What If: Jeff Casteel Came to Michigan?


"“I thought our time was coming and we didn’t get to finish the job. It’s like you made a cake from scratch and put it in the oven. Someone else is putting the icing on and eating it.”"

– Rich Rodriguez speaking on Michigan’s 11-2, Sugar Bowl-winning season

Now the head football coach at Arizona, Rodriguez saw players he recruited enjoy vast success under first year head coach Brady Hoke. There’s validity to Rodriguez’s sentiment. While his was a classic case of square peg-round hole, as detailed in John U. Bacon’s book Three and Out, Rodriguez faced another issue that shortened his stay in Ann Arbor.

He was attempting to bake his cake without his top sous chef.

Several Rodriguez assistants made the pilgrimage from Morgantown to Ann Arbor. Defensive coordinator Jeff Casteel was not among them, and his absence resonated loud and clear.

The spread option offense West Virginia had flourished with running under Rodriguez began to click at UM by 2010. The problem was that while Denard Robinson was guiding the Wolverines to nearly 33 points per game on the offensive end, the defensive counterparts were surrendering over 35 PPG. Of BCS conference teams, only Duke, Wake Forest and Washington State were more porous.

Michigan’s defense transcended merely being bad. The Wolverines were meme bad. Google the term “Gerg.” Aside from three of four acronyms, the top hit is ESDBS.com’s description of UM defensive coordinator Greg Robinson. Rodriguez had coached opposite Robinson in the Big East, as Robinson served as Syracuse’s head coach from 2005 through 2008.

Robinson attempted to run the 3-3-5 stack that WVa. suffocated foes with in the Big East. The problem was Robinson was completely out of his element trying to run the relatively unorthodox formation. Robinson had been an NFL coach for nearly a decade before spending one season at Texas, and his unsuccessful tenure at SU. It could have been a case of UM lacking the personnel to run the 3-3-5 — bear in mind, changing to a more traditional 4-3 under Greg Mattison this past season, the Wolverines ranked No. 6 in points allowed. That’s a turnaround of 102 places.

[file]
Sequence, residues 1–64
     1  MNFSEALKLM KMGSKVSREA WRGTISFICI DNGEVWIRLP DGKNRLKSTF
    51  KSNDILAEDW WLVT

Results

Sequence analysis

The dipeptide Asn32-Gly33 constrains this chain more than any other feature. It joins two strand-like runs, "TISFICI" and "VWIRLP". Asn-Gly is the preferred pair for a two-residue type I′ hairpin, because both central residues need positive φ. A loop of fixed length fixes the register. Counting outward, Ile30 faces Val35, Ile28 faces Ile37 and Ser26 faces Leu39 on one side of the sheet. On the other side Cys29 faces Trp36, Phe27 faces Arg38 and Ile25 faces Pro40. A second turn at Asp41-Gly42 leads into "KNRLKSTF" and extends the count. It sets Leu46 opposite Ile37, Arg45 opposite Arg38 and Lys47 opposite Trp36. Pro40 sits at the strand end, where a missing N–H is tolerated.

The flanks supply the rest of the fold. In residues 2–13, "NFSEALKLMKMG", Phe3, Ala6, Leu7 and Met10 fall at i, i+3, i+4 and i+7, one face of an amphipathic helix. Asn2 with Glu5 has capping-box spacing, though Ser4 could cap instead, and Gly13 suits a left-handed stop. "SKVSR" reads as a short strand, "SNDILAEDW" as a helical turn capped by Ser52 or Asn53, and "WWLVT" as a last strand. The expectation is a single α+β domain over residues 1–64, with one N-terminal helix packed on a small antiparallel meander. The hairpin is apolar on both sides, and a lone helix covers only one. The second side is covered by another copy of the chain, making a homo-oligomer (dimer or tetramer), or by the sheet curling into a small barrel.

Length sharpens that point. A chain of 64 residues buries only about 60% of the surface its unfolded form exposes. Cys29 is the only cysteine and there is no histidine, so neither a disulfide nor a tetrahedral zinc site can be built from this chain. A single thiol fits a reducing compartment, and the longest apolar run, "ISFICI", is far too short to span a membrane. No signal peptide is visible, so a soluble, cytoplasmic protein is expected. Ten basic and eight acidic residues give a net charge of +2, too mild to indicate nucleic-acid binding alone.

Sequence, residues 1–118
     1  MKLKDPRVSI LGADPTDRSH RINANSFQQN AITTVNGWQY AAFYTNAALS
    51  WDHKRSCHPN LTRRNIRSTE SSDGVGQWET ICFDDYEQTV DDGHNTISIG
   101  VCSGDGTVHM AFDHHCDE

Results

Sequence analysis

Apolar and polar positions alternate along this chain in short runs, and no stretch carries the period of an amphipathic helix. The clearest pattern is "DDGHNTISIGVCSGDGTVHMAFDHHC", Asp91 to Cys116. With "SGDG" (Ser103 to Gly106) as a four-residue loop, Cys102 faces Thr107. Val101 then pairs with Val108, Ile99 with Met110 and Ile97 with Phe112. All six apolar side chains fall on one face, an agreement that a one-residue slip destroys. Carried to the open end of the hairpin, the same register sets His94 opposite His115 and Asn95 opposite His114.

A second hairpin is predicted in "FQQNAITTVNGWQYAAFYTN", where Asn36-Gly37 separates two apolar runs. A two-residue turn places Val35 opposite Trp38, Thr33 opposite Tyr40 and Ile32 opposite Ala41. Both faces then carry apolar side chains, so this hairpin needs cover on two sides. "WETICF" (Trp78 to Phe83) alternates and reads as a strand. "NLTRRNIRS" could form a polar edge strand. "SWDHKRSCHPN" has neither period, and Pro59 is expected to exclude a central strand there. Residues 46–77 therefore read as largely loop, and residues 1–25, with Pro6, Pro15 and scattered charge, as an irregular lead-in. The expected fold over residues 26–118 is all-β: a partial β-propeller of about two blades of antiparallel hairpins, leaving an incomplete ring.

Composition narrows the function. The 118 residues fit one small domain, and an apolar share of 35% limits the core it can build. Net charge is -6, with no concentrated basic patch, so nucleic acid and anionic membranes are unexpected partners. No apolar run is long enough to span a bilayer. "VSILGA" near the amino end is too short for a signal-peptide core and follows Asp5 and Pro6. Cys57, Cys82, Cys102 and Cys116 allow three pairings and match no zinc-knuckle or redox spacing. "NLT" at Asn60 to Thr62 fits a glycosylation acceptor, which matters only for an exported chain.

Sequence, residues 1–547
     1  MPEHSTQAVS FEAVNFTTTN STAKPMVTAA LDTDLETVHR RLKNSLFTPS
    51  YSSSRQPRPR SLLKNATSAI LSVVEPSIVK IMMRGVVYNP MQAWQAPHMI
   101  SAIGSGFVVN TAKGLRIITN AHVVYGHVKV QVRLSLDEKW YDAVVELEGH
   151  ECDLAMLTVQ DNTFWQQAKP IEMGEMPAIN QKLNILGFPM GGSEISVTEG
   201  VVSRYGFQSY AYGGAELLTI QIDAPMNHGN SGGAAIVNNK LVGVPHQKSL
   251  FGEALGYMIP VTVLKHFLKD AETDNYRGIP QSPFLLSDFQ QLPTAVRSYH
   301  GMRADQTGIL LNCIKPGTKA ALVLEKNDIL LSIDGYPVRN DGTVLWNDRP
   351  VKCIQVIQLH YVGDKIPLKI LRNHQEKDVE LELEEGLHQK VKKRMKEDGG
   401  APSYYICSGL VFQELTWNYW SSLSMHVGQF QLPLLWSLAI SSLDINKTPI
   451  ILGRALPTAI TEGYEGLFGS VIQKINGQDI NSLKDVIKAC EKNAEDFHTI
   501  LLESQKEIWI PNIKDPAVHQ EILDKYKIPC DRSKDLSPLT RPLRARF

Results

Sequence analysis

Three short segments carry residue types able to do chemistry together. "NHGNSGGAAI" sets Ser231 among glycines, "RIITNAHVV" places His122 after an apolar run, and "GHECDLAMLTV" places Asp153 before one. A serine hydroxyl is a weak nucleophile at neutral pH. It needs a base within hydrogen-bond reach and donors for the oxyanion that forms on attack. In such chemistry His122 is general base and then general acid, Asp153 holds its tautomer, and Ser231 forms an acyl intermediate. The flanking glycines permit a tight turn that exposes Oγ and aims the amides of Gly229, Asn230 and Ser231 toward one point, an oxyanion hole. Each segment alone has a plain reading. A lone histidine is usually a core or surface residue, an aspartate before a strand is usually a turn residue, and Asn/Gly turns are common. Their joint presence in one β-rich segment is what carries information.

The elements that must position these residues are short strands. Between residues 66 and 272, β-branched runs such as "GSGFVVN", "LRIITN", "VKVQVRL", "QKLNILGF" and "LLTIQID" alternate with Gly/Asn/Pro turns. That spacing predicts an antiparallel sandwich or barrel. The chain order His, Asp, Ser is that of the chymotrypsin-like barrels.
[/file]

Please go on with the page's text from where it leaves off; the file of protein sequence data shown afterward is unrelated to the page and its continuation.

Awkward personnel fits would have only exacerbated the issues Robinson had overseeing the scheme, though. Its nuances require a keen insight — the kind of insight Casteel refined in nearly two decades running the set.

Rodriguez learned to love the 3-3-5 while Casteel ran it at Shepherd College. By 2002, Casteel’s second season at WVU and first as defensive coordinator, the Mountaineers were installing the system. In his first year as Mountaineer DC, the defense was No. 40 in points allowed. WVU ranked 44 in 2003, but actually improved its yield by nearly one point fewer an outing. By 2005, the Mountaineers were among the nation’s top 15 defenses and peaked at No. 8 in 2007.

There was a process to fine tuning the defense, including recruiting the right personnel. Obviously patience was not a virtue in Ann Arbor, but the difference between Robinson’s poor man’s version of the 3-3-5 and Casteel’s would have almost assuredly been another year.

Michigan reached a bowl game with seven wins in Rodriguez’s final season, the bottoming out of the Wolverine defense. In its worst season under Casteel before 2010, WVU surrendered a little over 23 points per game — or, two touchdowns sans PATs fewer than the 2010 yield of UM.

The 2011 Michigan defense was far more experienced. Players like Ryan Van Bergen, Jordan Kovacs, and Kenny Demens had developed into forces. Again, perhaps their success is attributable to Mattison’s shift to a 4-3. However, Van Bergen could have functioned much like West Virginia standout Bruce Irvin blitzing from the three-down front of a properly run 3-3-5.

UM’s upperclassmen figuring out and thriving in the 3-3-5 in ’11 would feed into an explosive offense. The Wolverines continued to put up big points this past season, but the possibilities for Denard Robinson remaining in the option with an emergent Fitzgerald Toussaint could have amounted to more.

There were moments when Robinson looked lost in Al Borges’ hybrid offense. Borges ran a mix of the behind-center traditional sets the coach ran elsewhere and the shotgun formation that best suited Robinson. The square peg-round hole analogy that described Rodriguez’s tenure as head coach felt apropos regularly for Robinson and Borges.

With a strong defense and more developed weapons around him, Robinson could have had a Heisman candidacy campaign in an offense that accentuated his strengths.

It’s hard to discount Hoke’s first season at Michigan, and realistically the ceiling he reached might have been the pinnacle for a Rodriguez/Casteel-coached team. But tasting that cake makes one salivate.